Essential Teacher Habits for Driving Educational Equity | Facing History & Ourselves
A male teacher of Asian descent instructs a group of students.

Essential Teacher Habits for Driving Educational Equity

Facing History colleagues share tips for creating more educationally equitable school communities.

Pamela E. Donaldson, Facing History's Associate Program Director for Equity and Inclusion, and Laura Tavares, Program Director for Organizational Learning and Thought Leadership, recently published an article on the School Library Journal website. There, they offer educators an invitation into equity work within their own school communities centered around personal introspection and self-education, as well as collaborative learning and reflection with fellow teacher colleagues. Below is an excerpt from the piece:

Summer is here: a time when educators often have a chance to rest and reflect. That reset feels more needed than ever after this extraordinary school year. Educators have weathered a series of historic events, from the COVID-19 pandemic that disrupted schooling to the massive protests sparked by racial violence and injustice. Many are relieved to leave behind the sense of upheaval and crisis that characterized the year—yet many don’t want to go back to “normal” either. As educators recommit to teaching for equity and justice, how can the space and time afforded by the summer offer an opportunity to begin to make meaningful and lasting changes?

At the global educational nonprofit Facing History & Ourselves, we’ve been supporting hundreds of educators and schools all over the country who want to better serve all of their students. We understand, as the Due East Educational Equity Collaborative writes, that “Educational equity is about individuals, relationships, and systems. A school that is educationally equitable is one in which we value each individual for who they are and provide the structures, environment, and resources each student needs to reach their greatest potential.… Educational equity emphasizes the needs, experiences, and outcomes for underrepresented or marginalized students….” This work is critical to building more just schools—and indeed a more just society—that invite, support, and recognize the contributions of all.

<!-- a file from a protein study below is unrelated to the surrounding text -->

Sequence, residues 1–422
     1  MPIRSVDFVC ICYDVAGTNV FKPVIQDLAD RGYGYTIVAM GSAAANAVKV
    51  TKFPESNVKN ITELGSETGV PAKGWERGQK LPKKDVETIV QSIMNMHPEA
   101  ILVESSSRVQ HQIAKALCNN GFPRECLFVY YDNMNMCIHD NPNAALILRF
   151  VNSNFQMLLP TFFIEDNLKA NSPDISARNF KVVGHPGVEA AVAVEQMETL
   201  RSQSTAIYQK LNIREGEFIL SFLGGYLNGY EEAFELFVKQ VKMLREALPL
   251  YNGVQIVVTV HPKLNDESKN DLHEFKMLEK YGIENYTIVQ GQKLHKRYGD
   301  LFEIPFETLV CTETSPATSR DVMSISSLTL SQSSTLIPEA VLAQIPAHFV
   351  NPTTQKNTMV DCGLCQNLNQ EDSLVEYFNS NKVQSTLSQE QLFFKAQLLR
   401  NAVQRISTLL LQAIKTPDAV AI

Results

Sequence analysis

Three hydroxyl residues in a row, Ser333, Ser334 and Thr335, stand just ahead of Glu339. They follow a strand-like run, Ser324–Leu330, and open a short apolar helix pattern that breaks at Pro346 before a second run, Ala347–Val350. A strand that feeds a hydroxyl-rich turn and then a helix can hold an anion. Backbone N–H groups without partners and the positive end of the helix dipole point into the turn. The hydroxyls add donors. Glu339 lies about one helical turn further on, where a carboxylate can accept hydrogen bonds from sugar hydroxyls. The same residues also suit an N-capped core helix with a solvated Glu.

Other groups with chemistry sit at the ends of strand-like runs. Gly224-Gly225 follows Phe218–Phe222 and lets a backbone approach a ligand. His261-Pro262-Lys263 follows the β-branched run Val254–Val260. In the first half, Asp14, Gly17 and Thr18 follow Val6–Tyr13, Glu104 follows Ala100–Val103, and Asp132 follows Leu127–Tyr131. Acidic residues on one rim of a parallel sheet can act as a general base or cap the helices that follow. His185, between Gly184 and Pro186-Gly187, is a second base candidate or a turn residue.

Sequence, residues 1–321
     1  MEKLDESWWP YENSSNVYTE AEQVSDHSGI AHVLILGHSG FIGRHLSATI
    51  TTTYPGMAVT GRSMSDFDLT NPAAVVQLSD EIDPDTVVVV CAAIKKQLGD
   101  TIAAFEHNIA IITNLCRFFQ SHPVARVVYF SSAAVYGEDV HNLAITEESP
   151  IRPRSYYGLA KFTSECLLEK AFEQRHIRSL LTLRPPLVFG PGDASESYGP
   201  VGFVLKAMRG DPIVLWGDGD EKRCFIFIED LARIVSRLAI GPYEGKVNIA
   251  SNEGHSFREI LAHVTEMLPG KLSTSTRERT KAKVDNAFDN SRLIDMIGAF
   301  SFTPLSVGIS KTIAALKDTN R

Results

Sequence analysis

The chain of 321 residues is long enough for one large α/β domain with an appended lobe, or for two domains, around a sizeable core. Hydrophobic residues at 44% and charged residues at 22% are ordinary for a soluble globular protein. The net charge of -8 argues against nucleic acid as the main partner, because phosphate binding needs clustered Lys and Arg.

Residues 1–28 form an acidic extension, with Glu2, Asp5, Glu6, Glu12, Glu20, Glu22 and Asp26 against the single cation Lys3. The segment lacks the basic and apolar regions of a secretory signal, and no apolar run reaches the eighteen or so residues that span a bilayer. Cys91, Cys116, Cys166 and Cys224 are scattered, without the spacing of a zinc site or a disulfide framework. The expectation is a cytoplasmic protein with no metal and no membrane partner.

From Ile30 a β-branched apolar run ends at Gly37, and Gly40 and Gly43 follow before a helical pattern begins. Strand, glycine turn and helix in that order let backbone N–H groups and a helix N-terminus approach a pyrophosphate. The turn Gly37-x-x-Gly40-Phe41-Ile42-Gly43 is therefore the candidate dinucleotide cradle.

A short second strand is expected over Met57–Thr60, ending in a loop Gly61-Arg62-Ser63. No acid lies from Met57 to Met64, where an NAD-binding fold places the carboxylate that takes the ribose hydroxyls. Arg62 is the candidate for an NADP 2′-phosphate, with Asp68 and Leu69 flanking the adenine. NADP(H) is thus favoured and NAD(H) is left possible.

We also understand that there’s no single roadmap to creating more equitable teaching: our journeys begin in different places and will follow different paths. But there are a few habits—including individual reflection and sustained conversation in the adult community—that are a key part of any journey. We explore them below, with ideas and resources to help you implement them in your own practice...

View the piece in its entirety at School Library Journal.

You might also be interested in…

More Like This Ideas this Week